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in aeroelasticity, self-excited oscillations of parts of an aircraft, mainly the wing and the tail, that occur when the critical flutter speed is reached. Flutter may result in structural failure. Flutter is associated with the relative location of the center of gravity and the center of twist of the wing or tail and with other characteristics of a given aircraft.
An aeroelastic self-excited vibration with a sustained or divergent amplitude, which occurs when a structure is placed in a flow of sufficiently high velocity. Flutter is an instability that can be extremely violent. At low speeds, in the presence of an airstream, the vibration modes of an aircraft are stable; that is, if the aircraft is disturbed, the ensuing motion will be damped. At higher speeds, the effect of the airstream is to couple two or more vibration modes such that the vibrating structure will extract energy from the airstream. The coupled vibration modes will remain stable as long as the extracted energy is dissipated by the internal damping or friction of the structure. However, a critical speed is reached when the extracted energy equals the amount of energy that the structure is capable of dissipating, and a neutrally stable vibration will persist. This is called the flutter speed. At a higher speed, the vibration amplitude will diverge, and a structural failure will result. See Aeroelasticity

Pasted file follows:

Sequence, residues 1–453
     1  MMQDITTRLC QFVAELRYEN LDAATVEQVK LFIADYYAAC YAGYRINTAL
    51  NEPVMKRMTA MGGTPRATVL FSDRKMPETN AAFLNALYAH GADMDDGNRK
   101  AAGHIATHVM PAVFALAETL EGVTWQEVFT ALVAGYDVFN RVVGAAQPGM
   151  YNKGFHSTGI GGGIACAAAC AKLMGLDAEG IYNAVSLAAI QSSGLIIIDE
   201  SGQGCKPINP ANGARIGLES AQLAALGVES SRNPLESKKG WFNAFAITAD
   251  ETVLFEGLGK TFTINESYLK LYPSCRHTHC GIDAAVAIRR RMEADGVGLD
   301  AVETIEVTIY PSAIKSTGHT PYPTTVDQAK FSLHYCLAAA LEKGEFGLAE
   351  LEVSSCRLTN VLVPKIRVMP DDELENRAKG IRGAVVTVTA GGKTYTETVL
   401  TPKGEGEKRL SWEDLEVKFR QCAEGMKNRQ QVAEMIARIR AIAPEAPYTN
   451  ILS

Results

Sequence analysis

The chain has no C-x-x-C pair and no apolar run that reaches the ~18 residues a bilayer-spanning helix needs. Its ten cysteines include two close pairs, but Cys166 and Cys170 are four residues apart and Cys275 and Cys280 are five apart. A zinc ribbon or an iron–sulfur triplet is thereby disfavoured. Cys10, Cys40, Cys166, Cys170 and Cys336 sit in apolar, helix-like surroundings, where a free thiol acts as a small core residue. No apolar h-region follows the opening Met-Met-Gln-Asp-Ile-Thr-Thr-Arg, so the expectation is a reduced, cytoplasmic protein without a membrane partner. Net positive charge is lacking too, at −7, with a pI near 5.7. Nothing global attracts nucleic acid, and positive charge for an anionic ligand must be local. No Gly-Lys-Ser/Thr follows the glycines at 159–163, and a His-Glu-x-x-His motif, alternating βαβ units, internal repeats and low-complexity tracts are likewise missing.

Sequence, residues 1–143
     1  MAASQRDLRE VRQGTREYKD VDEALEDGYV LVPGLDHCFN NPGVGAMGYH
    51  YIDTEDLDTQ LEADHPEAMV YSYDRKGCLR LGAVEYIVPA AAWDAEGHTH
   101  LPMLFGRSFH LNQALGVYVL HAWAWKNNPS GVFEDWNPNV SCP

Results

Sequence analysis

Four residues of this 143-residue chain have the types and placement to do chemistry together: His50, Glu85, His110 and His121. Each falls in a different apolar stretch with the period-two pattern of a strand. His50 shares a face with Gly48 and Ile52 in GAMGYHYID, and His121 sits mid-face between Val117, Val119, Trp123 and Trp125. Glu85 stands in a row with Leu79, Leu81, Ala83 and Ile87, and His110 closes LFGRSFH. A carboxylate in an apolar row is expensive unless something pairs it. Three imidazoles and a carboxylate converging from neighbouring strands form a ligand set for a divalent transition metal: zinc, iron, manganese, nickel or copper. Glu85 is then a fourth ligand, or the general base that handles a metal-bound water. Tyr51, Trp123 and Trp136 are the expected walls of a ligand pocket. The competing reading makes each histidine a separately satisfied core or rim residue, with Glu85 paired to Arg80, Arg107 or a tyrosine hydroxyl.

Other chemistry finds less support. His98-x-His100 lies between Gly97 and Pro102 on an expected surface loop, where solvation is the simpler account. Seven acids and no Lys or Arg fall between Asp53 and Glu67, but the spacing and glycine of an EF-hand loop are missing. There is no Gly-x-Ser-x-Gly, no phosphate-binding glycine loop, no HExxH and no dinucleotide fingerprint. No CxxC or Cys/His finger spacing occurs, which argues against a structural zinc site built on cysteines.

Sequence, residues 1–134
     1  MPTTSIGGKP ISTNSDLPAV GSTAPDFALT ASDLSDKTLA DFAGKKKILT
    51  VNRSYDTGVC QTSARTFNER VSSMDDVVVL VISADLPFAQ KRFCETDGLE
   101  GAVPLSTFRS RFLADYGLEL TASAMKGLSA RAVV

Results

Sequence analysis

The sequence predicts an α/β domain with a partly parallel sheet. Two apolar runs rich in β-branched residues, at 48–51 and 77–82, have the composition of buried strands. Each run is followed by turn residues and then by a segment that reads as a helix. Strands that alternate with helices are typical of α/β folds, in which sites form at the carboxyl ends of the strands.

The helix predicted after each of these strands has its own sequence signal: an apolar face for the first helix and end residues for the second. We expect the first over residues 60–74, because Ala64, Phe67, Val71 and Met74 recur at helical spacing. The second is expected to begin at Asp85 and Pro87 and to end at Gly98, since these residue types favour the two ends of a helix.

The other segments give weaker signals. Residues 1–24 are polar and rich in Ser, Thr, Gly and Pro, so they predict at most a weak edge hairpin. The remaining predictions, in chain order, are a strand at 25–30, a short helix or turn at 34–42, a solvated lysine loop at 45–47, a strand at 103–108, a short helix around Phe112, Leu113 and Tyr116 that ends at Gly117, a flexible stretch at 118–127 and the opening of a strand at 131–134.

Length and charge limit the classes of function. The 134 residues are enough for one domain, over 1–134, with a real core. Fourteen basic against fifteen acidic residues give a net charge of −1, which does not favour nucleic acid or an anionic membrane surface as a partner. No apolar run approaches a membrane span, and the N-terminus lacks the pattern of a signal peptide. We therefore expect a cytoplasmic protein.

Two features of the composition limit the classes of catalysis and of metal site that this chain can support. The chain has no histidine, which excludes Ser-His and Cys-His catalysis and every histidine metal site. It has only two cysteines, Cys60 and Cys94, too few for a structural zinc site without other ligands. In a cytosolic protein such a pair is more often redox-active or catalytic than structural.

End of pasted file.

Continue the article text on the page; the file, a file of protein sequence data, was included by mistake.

Aircraft manufacturers now have engineering departments whose primary responsibility is fluffer safety. Modern flutter analyses involve extensive computations, requiring the use of large-capacity, high-speed digital computers. Flutter engineers contribute to the design by recommending stiffness levels for the structural components and control surface actuation systems and weight distributions on the lifting surfaces, so that the aircraft vibration characteristics will not lead to flutter within the design speeds and altitudes. See Airframe, Wing